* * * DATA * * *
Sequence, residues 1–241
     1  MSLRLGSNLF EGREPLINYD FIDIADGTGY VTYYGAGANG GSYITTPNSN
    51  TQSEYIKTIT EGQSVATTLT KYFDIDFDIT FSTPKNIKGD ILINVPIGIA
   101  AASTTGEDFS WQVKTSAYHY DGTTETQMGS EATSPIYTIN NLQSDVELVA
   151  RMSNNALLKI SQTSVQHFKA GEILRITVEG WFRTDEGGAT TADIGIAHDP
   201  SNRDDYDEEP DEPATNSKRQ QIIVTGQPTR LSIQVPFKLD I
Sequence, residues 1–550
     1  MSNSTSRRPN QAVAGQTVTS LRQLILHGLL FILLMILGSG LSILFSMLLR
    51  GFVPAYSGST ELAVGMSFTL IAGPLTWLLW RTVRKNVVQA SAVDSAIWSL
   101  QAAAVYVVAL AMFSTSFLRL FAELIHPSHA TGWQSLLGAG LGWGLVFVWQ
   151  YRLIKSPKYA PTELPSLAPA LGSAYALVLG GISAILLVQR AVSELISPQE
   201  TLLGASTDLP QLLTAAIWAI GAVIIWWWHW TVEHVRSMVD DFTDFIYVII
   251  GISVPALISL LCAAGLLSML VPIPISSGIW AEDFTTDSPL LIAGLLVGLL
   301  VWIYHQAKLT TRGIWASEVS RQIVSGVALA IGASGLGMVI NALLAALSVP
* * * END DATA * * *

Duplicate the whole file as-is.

Sequence, residues 1–241
     1  MSLRLGSNLF EGREPLINYD FIDIADGTGY VTYYGAGANG GSYITTPNSN
    51  TQSEYIKTIT EGQSVATTLT KYFDIDFDIT FSTPKNIKGD ILINVPIGIA
   101  AASTTGEDFS WQVKTSAYHY DGTTETQMGS EATSPIYTIN NLQSDVELVA
   151  RMSNNALLKI SQTSVQHFKA GEILRITVEG WFRTDEGGAT TADIGIAHDP
   201  SNRDDYDEEP DEPATNSKRQ QIIVTGQPTR LSIQVPFKLD I
Sequence, residues 1–550
     1  MSNSTSRRPN QAVAGQTVTS LRQLILHGLL FILLMILGSG LSILFSMLLR
    51  GFVPAYSGST ELAVGMSFTL IAGPLTWLLW RTVRKNVVQA SAVDSAIWSL
   101  QAAAVYVVAL AMFSTSFLRL FAELIHPSHA TGWQSLLGAG LGWGLVFVWQ
   151  YRLIKSPKYA PTELPSLAPA LGSAYALVLG GISAILLVQR AVSELISPQE
   201  TLLGASTDLP QLLTAAIWAI GAVIIWWWHW TVEHVRSMVD DFTDFIYVII
   251  GISVPALISL LCAAGLLSML VPIPISSGIW AEDFTTDSPL LIAGLLVGLL
   301  VWIYHQAKLT TRGIWASEVS RQIVSGVALA IGASGLGMVI NALLAALSVP